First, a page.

Overturners of conventional wisdom – Copernicus and Mary Baker Eddy

History is graced with individuals who have taken a brave stand for new ideas that have gone on to revolutionise the world. Author Dava Sobel is passionate about wanting to tell their stories and last Monday the 1997 British Book of the Year award-winner presented her latest creative venture to an appreciative audience at The Royal Institution.

Using an unusual play within a narrative approach, Sobel has detailed the life of Polish astronomer and mathematician Copernicus.  He famously demonstrated how the earth orbits the sun and in the process overturned the then much cherished view it was the other way round.

In A more perfect heaven: How Nicolas Copernicus revolutionised the cosmos the scripted  drama focuses on the scientist’s pivotal relationship with University student Georg Joachim Rheticus, who was instrumental in convincing Copernicus to publish his revolutionary work. The narrative details the broader context of his life in which the scientific inquiry for which he is renowned was just one part.

Sobel spoke of Copernicus as a man “who could move the planets around, but couldn’t control his own life”.

She also detailed some of her recent travels to relevant locations and shared absorbing insights into associated historical figures.

One myth-shredding insight that emerged was a negation of the notion Columbus had to convince a skeptical world their planet was round and not flat.

Sobel explained that particular geographical nugget would have been known by facts like our ever-altering view of the stars as we move north to south, and the basic curvature of the earth.

Wikiphotos – Copernicus diagram of the planets going round the sun

It was the fact of the earth’s journey around the sun which was the harder nut to crack.

After years of calculations and observations, and at Rheticus’ urgings, Copernicus finally published his findings as De revolutionibus orbium coelestium (On the Revolutions of the Celestial Spheres).

He had feared the reaction this would elicit from the entrenched religious views of his day but died soon after publication without it having immediately become controversial.

That left Galileo to champion Copernicism and suffer the consequences of doing so in the face of an intransigent Roman Catholic Church. As a result, Copernicus’ work was subjected to a decree in the Church’s Congregation of the Index, suspending it until it could be “corrected”.

It was to take two hundred years before the book was de-indexed and allowed credibility once more, without any changes.

During a lively questions and answers session facilitated by science writer Jo Marchant the author was at her most passionate when asked what drives her choice of book themes. She said she was attracted to people who had a unique view of things and took a stand for what they saw despite the adverse winds that resulted from doing so.

To Sobel this has meant looking into great figures in the sciences.  Yet she also pointed out that Copernicus was a devout Catholic who, referring to his awe at his expanded sense of the universe, wrote  ‘So vast, without any question, is the Divine Handiwork of the Almighty Creator”.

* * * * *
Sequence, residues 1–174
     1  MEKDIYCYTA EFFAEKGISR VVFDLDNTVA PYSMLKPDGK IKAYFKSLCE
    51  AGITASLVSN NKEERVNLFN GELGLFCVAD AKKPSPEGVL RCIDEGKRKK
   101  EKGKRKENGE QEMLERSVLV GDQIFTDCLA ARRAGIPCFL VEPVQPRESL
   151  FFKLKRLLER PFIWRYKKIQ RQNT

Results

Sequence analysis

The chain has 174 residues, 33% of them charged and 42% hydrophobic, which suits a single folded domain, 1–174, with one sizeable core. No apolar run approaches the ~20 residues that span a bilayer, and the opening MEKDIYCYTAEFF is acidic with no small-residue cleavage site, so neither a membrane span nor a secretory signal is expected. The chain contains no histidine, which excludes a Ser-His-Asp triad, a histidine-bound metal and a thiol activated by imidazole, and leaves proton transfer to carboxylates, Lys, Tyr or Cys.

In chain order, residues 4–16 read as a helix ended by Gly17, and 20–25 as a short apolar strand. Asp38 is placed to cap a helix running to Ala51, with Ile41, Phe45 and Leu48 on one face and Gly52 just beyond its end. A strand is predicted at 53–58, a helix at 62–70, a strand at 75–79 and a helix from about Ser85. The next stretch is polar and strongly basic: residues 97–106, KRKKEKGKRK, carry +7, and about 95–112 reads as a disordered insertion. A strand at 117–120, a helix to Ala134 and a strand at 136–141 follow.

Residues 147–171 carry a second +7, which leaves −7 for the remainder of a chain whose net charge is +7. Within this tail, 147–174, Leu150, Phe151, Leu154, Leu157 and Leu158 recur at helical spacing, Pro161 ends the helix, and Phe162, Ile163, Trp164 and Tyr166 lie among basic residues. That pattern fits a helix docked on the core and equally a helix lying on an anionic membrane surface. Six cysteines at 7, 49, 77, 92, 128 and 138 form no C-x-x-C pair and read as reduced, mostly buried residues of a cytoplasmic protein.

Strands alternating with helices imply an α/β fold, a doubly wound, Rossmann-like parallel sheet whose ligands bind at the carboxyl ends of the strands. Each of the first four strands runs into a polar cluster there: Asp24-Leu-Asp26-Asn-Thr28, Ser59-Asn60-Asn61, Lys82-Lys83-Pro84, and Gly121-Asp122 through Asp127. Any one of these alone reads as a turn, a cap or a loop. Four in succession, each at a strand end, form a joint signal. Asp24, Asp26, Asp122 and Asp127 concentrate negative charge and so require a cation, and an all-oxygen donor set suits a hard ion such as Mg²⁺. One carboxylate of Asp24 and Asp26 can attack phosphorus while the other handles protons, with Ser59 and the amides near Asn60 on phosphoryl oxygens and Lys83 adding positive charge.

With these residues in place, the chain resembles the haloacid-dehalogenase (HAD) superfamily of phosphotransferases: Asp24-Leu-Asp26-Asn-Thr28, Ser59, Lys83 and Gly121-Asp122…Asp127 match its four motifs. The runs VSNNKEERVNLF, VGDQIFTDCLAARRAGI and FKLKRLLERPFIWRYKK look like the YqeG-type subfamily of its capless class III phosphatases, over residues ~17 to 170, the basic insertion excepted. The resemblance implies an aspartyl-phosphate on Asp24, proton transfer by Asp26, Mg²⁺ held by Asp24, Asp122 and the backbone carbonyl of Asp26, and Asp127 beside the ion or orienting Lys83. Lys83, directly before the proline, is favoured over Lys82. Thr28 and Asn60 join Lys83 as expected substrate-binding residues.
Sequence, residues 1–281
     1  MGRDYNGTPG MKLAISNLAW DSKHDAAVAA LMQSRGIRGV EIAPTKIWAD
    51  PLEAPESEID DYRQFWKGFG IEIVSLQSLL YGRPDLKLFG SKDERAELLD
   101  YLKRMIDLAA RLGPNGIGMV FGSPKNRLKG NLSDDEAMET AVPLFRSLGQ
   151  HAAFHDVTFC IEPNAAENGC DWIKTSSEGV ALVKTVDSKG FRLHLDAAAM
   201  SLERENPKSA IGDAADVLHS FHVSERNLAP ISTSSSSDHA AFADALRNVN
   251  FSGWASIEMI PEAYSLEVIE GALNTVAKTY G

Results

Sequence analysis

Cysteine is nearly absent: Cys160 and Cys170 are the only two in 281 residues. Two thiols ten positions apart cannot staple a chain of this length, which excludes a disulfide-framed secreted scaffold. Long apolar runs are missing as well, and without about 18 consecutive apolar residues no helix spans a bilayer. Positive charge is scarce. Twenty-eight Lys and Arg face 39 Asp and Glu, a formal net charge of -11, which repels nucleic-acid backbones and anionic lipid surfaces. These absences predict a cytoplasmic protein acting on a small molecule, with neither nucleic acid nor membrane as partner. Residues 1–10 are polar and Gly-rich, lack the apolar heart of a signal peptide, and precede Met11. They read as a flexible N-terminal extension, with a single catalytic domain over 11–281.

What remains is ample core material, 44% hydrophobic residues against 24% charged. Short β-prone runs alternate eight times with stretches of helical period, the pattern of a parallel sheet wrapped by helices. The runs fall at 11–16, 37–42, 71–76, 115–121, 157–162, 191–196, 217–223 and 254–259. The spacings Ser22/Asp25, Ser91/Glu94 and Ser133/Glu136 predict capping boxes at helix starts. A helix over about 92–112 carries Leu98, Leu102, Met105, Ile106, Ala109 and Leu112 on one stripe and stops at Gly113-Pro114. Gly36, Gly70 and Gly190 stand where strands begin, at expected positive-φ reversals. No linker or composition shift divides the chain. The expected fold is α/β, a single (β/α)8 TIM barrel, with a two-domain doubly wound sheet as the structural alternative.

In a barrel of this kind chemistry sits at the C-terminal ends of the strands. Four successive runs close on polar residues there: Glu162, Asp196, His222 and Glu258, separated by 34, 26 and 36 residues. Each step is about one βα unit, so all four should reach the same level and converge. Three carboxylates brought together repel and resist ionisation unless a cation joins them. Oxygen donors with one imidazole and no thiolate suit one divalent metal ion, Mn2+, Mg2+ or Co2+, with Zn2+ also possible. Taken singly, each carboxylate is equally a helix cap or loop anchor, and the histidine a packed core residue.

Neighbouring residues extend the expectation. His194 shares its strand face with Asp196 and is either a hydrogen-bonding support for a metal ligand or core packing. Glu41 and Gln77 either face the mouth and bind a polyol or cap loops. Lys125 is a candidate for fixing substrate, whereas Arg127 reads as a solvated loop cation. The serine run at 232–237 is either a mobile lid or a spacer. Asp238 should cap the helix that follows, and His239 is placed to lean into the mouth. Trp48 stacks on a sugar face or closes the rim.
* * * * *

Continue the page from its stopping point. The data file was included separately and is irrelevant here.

Such reverence for Divinity and its creation occurs throughout the key work Science and Health with Key to the Scriptures by Mary Baker Eddy, who points to the infinite nature of the spiritual dimensions of life in her benchmark work on spirituality and healing.

She also had a unique view of things and took a stand for what she saw despite the adversity this attracted.

I came away from Sobels’ talk thinking how interesting it would be if such an author of standing in science reporting were to some day turn her attention to this 19th century individual who, though not a conventional scientist, certainly had her own Copernican turnaround.

After years of seeking answers to health problems in medicines and alternatives of her day, Mrs Eddy recognised the need for a reversal of the accepted order of putting the body at the centre of health care concerns.  She found it was consciousness which needed to be addressed primarily and she set out and successfully practised her spiritual method for care and cure on that basis.

In 1990, feminist scholar Gillian Gill embarked on a journey to research and write about the life of Mrs Eddy and was surprised just how deeply she came to respect her by the time her biography Mary Baker Eddy was finished in 1998.

It would be wonderful if the same happened to a science writer embarking on a similar voyage of discovery.

“A more perfect heaven: how Nicolas Copernicus revolutionised the cosmos” by Dava Sobel is available from Amazon.co.uk at £8.39.

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Categories: Science and religion, Spirituality and Society

Author:Tony Lobl

I write and speak on spirituality from my perspective as a Christian Science practitioner. I am also an Associate Editor for the Christian Science periodicals. I studied at the University of Surrey earning a BSc Hons Degree in Modern Mathematics before the impact of spirituality on health caught my attention and re-shaped my career.

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